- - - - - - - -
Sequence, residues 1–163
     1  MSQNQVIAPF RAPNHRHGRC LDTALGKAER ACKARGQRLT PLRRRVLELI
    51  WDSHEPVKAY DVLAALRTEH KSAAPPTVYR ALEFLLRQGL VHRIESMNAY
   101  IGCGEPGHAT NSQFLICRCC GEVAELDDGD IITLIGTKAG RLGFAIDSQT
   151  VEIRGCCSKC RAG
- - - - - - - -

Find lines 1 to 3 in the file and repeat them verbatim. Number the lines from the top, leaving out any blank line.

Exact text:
Sequence, residues 1–163
     1  MSQNQVIAPF RAPNHRHGRC LDTALGKAER ACKARGQRLT PLRRRVLELI
    51  WDSHEPVKAY DVLAALRTEH KSAAPPTVYR ALEFLLRQGL VHRIESMNAY